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Protection headaches for the masses?

1 year ago

The Treasury has recently released its consultation paper on how the increase in normal minimum pension age (NMPA) is implemented. We have known for several years that the increase from age 55 to 57 was planned to take effect from 6 April 2028, so there is no surprise in the increase itself.

What is somewhat startling, is the level and nature of protection on the table, which will not only dilute the effectiveness of any raise for decades to come, but also has the potential to create transfer headaches with immediate impact.

When we last had an increase in NMPA (from age 50 to 55), protection was only available in certain circumstances in occupational schemes. This time round, it is proposed that any scheme – defined benefit or defined contribution, occupational or personal – could potentially have a protected retirement age of 55. It boils down to whether there was an ‘unqualified right’ in the scheme on 11 February 2021 – the date the consultation was published. Scheme rules will vary, and the definition of what is meant by an unqualified right is being hotly debated amongst pension techies.

Regardless of where the line is drawn, having any protection is going to cause issues.

It’s important to note that under the proposals, all funds built up in the scheme will have the protection – not just those accrued prior to 11 February 2021.

Like all other scheme-specific forms of protection, the protection is lost on transfer unless it is part of a block transfer where two members transfer from one scheme to the same receiving scheme and certain conditions are met. This time round though, it isn’t going to be just sports professionals and a few occupational schemes offering protection, it will include many workplace pensions and personal pensions.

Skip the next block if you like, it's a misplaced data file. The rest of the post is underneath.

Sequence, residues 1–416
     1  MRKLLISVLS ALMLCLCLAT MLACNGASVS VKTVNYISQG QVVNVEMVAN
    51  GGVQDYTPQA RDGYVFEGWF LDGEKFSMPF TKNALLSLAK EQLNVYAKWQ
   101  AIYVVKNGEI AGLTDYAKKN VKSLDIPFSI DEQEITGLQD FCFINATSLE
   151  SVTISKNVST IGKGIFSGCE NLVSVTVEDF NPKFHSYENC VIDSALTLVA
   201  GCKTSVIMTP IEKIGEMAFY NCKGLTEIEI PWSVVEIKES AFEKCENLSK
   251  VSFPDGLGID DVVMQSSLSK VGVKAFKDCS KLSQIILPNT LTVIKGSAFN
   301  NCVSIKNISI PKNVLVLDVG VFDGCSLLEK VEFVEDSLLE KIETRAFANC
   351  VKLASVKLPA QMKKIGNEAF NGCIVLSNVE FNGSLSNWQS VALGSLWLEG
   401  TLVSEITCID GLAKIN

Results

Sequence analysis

If clients are wanting to retire at 55 – or at least wanting to retain the option of taking benefits from that age – then this impacts transfers happening today. You may not even know for sure if they have the right to access their pensions at age 55 from the scheme they are leaving as it’s not yet clear – but transferring them out of a scheme they were in on 11 February means they may be losing that right.

If the rules do come in as proposed, then this is clearly a barrier to transfer. Move and you lose the right. Or alternatively, find a buddy to do it with – so potential for lots of artificial transactions where your partner joins your scheme with a minimum contribution just to transfer across with you.

The changes are seven years away, and relatively few people access benefits before age 57. All this mess could be avoided with a clean move to age 57 for all (except for those who already hold a lower protected pension age). Otherwise a 16-year-old who joined a pension scheme at the start of the year and remains in the scheme (or only makes block transfers) could still access all their benefits at age 55 in 2060 – 32 years after the minimum age was raised.

This article was previously published by Sipps Professional

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Lisa Webster

Lisa Webster

Job Title
Senior Technical Consultant

Lisa is an Economics graduate who has been in the financial services industry since 2003. Prior to joining AJ Bell in 2014 she spent nine years working in senior technical and consultancy roles at a major SIPP and SSAS provider. Lisa is part of our Technical Team, responsible for providing regulatory and technical analysis to the business and outside world. She is also a regular speaker at adviser events.

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